Art by Devdutt Pattanaik
By Devdutt

Published on 14th February, 2021, in Mumbai Mirror.

Valentine’s Day upsets Hindutva, that valorises men over women, celibacy over sensuality, politics over arts, and lets saffron eclipse the rainbow. They want to save India’s culture but this does not include the vast tradition of love festivals, the Madan-utsava, and at springtime, Vasant-utsava.

Hindutva prefers to mimic the Victorian British, who they claim to oppose, when they mock the great Indian tradition of Kama-shastra (sensual delights), full of shringara-bhaav (mood of romance) and madhurya-rasa (mood of sweetness) as they go about encouraging vibhitsa-bhaav (mood of disgust) and vira-bhaav (mood of triumph). Even the Mughal kings welcomed musicians and dancers and songs of love in their courts, much to the irritation of the puritanical ulema.

Long before books and pens were worshipped as symbols of Saraswathi, people worshipped musical instruments, for India was an oral culture before it became a written culture. The goddess of knowledge was goddess of lyrics (Rig Veda) and melodies (Sama Veda) and performance (Yajur Veda) which gave rise to the art of theatre (Natyashastra) closely linked with art of pleasure (Kama-shastra) that aroused a flood of aesthetic juices (rasa) and emotions (bhava) in the hearts (hridaya) of lovers.

Spring festivals were love festivals, celebrations of music and poetry, spearheaded by courtesans, who through Saraswati, goddess of the arts, venerated Kama, god of desire. Love and longing inspired these women to compose lyrics and melodies, a tradition that still survives secretly in Bollywood love songs.

The courtesans were trained in 64 skills of indulging the five senses. These ranged from music, dance and painting to interior decoration and culinary skills to great conversations. Dressed in yellow robes, they would present their works in gardens to the delight of lovers. Temples were adorned with images of these talented and independent women who garnished life with beauty and made life worth living. One reason why Hinduism was more successful than Buddhism was because Hindu temples patronised devadasis, who loved singing, dancing and every sensual pleasures of life, unlike Buddhist chaityas where there was preference for silence, solitude and serenity.

Right from the Rig Veda, Hindus have realised the value of desire. It is said that creation happens because the first conscious being experienced desire. He experienced loneliness and so sought companionship. He felt incomplete. He experienced hunger, so he sought nourishment from the outside world. He was terrified; thus, he sought the embrace of someone who would take care of him. Hence, all creation emerges from desire or Kama. When Shiva stopped Brahma from chasing the deer of desire, Shakti took the form of Kameshwari, filled Shiva’s art with emotion, so that he became the god of theatre (Nataraja) dancing on the back of goblins who separate lovers.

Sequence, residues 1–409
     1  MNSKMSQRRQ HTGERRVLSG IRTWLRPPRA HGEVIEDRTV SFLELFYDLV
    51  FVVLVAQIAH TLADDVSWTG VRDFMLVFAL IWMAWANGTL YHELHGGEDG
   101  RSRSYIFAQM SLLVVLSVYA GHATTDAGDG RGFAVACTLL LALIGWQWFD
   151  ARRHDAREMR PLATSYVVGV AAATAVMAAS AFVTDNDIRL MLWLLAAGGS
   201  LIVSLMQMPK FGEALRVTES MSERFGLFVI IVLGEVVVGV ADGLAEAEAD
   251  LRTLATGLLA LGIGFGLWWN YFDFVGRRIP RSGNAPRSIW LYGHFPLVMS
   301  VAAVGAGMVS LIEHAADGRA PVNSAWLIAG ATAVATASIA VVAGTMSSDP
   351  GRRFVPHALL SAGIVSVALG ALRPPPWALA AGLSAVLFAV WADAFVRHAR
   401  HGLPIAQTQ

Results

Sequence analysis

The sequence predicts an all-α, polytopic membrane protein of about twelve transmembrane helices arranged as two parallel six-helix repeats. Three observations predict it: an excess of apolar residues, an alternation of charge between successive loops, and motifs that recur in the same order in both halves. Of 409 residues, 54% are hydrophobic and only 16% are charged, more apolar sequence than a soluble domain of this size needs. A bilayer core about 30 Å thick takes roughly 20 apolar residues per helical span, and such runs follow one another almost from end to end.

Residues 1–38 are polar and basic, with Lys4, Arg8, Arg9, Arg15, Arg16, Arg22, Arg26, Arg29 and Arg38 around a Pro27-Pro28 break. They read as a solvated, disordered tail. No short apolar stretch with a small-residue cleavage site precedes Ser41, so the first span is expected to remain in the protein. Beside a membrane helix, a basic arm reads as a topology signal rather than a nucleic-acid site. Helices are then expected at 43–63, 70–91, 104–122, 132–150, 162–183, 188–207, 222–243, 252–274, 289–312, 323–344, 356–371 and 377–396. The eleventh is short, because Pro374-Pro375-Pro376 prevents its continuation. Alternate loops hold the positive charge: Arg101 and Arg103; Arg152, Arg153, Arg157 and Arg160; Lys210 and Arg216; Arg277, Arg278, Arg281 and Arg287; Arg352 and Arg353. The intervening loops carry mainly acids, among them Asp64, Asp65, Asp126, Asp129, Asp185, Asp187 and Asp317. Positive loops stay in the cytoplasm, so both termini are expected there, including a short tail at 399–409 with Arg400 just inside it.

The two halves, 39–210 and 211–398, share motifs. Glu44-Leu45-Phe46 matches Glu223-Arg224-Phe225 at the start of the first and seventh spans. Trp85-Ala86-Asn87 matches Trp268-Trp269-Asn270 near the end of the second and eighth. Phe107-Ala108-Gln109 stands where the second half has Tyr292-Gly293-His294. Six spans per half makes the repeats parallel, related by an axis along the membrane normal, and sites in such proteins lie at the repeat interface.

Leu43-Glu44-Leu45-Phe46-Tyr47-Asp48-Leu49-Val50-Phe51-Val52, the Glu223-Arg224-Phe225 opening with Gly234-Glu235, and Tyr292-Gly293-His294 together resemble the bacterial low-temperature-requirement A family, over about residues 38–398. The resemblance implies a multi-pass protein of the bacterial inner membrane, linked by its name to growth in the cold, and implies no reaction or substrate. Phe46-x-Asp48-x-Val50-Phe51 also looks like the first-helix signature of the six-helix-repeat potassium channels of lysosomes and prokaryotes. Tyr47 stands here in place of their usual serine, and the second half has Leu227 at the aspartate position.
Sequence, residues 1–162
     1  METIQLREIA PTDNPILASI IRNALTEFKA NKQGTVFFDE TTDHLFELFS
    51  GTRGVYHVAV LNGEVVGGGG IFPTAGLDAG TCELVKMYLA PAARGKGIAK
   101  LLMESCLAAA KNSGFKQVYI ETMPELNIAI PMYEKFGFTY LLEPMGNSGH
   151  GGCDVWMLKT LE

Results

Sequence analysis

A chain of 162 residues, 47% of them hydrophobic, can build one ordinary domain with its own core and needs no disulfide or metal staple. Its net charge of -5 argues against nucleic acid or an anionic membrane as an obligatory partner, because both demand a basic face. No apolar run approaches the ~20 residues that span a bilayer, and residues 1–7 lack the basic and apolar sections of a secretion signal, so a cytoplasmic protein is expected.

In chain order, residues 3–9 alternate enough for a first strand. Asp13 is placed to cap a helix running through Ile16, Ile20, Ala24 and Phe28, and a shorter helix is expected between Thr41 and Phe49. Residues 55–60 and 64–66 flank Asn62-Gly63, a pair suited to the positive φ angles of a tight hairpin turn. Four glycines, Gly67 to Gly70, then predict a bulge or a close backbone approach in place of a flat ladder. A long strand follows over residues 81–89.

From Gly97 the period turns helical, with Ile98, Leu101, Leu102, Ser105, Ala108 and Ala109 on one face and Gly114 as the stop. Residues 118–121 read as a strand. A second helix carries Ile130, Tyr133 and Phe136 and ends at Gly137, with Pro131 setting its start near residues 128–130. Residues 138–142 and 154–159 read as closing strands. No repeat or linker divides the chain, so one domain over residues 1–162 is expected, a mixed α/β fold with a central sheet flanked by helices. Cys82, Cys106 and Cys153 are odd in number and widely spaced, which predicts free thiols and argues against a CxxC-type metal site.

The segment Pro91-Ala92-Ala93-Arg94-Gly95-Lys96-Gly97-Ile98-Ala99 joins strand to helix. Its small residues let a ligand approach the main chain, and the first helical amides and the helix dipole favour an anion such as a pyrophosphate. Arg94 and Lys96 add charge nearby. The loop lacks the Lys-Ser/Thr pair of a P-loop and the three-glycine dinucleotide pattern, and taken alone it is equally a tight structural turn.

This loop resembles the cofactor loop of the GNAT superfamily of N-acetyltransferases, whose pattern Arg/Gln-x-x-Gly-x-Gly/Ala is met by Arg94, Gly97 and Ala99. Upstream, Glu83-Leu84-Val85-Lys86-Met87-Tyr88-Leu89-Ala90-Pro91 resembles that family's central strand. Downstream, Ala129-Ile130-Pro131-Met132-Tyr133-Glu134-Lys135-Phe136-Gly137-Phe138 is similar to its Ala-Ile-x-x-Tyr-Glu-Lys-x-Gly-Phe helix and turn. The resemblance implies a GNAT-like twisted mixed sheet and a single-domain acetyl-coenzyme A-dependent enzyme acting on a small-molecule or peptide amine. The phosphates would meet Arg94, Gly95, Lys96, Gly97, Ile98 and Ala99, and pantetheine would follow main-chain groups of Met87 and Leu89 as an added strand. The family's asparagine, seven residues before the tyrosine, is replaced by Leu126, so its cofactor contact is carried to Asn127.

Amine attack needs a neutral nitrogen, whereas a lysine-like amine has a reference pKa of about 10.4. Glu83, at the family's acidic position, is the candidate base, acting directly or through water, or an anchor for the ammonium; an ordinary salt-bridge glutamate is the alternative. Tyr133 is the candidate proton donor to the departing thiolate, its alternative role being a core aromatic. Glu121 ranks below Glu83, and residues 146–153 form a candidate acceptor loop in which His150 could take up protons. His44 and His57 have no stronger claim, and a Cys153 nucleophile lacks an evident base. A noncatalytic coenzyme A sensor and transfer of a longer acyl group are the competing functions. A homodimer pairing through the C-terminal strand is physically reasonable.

The earliest love poetries can be found in Gathasaptasati, composed in Prakrit, probably in Maharashtra, and in Tamil Sangam poetry where every emotion related to love was metaphorically mapped to landscapes: mountains for lovers who elope, pastures for lovers who wait, fields for lovers who are jealous, seashore for lovers who are anxious and desert for lovers who are separated.

In the Gupta period, Kamadeva was visualised as a handsome god who holds a juicy sugarcane bow. Even today the thicket of sugarcane holds the promise of clandestine meetings of young boys and girls in rural India, eager to explore desire, away from prying eyes of the elders. Kama’s bowstring was made of restless bees and butterflies, who long for the honey of love. Kama’s wives were the romantic Preeti and the erotic Rati. Kama rode a parrot, while his wives rode the mynah and the pigeon. His best friend was Vasanta – spring. Apsaras and gandharvas danced and sang around him. When this army of Kama attacked, all obstacles collapsed. Winter turned into spring. Summer gave way to monsoon. The cloudy nights give way to the autumn moon.

Later, in Puranic and Tantric literature, this role of Kama-Rati was taken up by Shiva and Shakti, and Krishna and Radha in works such as Kumara-sambhava and Gita-Govinda. Their joyful union created the world. Their moods created the seasons. When separated, it was summer. When united, it was the rains. In the post coital bliss was autumn, until a quarrel made it all cold.

This celebration of desire, the arts, culture, music and love is found in the Ramayana: when Bharat returns home, as his father is dying, he realises there are no lovers or music in the gardens of Ayodhya. This indicated misfortune for him. So different from the puritanical forces that chase lovers out of parks in the name of morality, and strip gardens of Madan as well as Saraswati.

This article is also listed under Society